Moreover, Feng noted that a lack of practical training and high-quality instructors are also two highly important problems.
Ernest McDuffie, former director of the US National Initiative for Cybersecurity Education program, said at the Wuhan conference that he has not met many college students who have an interest in studying cyber security and the growth rate of global cyber security talents in 2015 was under their expectation.
Shen Changxiang, an academician at the Chinese Academy of Engineering, suggested China open classes to train minors and offer chances for special talents to study cyber security at college without taking the national college entrance examinations.
The Wuhan government has pledged to double the number of scholarships for cyber security majors and recruit top cyber security graduates from Chinese and overseas schools as well as the winners of cyber security contests. It will also open a class for minors and run special recruitment drives for “maverick geniuses.”
Moreover, the city government will establish a new evaluation system. Instead of taking exams, cyber security majors will be evaluated based on their performance and priority will be given to those with practical and entrepreneurship experience.
As for cultivating first-class instructors, the Wuhan government vowed to offer twice the salary and research funds to the best cyber security experts compare to those working in similar positions.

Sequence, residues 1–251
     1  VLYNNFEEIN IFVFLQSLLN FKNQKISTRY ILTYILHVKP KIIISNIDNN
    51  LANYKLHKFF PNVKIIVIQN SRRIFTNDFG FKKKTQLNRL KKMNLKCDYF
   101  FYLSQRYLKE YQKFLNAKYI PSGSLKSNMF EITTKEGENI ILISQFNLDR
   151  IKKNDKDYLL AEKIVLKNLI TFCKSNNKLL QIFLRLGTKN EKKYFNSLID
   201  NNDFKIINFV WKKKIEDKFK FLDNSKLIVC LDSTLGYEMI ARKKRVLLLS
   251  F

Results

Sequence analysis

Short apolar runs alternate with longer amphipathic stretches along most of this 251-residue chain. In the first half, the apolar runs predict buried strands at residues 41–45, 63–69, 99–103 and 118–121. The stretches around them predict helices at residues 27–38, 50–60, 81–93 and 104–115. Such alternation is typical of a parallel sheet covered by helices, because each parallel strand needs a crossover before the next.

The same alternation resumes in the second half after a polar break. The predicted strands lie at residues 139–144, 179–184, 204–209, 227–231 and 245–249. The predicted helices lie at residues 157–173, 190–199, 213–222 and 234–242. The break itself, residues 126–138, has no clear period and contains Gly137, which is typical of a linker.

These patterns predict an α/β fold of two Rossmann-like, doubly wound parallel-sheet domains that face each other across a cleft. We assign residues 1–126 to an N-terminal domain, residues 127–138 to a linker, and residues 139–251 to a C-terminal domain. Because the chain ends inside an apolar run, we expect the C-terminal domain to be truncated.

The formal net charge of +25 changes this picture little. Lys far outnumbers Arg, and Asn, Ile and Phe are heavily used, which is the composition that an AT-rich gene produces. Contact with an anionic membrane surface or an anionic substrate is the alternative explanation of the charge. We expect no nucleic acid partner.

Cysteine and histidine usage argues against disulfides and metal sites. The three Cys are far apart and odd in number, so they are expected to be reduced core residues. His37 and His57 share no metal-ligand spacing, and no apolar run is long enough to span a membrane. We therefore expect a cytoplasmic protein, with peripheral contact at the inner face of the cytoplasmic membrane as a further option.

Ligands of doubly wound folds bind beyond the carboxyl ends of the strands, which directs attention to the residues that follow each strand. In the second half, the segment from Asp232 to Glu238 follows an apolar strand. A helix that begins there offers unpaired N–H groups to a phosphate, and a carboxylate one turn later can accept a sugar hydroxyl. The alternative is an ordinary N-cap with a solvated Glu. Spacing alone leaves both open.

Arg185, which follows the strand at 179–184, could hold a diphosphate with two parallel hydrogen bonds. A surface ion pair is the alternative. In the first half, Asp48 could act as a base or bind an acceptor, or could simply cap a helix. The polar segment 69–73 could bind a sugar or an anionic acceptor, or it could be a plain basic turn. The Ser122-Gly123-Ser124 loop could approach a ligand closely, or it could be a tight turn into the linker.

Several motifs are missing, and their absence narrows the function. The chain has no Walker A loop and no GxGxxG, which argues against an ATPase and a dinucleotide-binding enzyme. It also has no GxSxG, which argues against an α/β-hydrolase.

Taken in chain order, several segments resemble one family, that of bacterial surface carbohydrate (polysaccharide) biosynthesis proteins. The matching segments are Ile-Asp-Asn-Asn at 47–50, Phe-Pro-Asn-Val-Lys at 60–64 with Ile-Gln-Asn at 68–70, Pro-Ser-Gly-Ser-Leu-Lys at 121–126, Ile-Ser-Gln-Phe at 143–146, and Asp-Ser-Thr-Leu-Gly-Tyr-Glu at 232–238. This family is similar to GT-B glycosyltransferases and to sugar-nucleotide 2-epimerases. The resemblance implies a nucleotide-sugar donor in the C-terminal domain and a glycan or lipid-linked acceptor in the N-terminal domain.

Specifically, they will also receive 2 million yuan ($299,823) in subsidies and up to 100 million yuan in funding if they have innovative technologies that have a significant impact on the economy.
Mengchow Kang, board member of the Information Security Certification, called for the standardization of cyber security workforce development.
With such a system, cyber security talents, no matter where they are working, could get recognized with an international qualification, said Kang.
In February, China launched its first special fund for cyber security with initial capital of 300 million yuan to realize the nation’s strategic goal of becoming a strong Internet power.
The fund, established by the China Internet Development Foundation, will be used to provide financial assistance to experts and teachers who specialize in cyber security.
China launched its second space station, Tiangong-2, on Thursday, according
to state media reports, paving the way for a permanent space station that
the country plans to build around 2022.
The launch of the new satellite comes five years after the country launched
its first space station, Tiangong-1, in September 2011.
The space station Tiangong-2 is China’s first real space lab. A brain-computer
interaction test system, developed by Tianjin University, has been installed
in the lab and it is set to conduct a series of experiments in space, People’s
According to Ming Dong, the leader of the research team in charge of the brain-
computer test system, the brain-computer interaction will eventually be the
highest form of human-machine communication.
The brain-computer interaction test system in Tiangong-2 boasts 64 national
patents. The research team has long been devoted to the research of brain-computer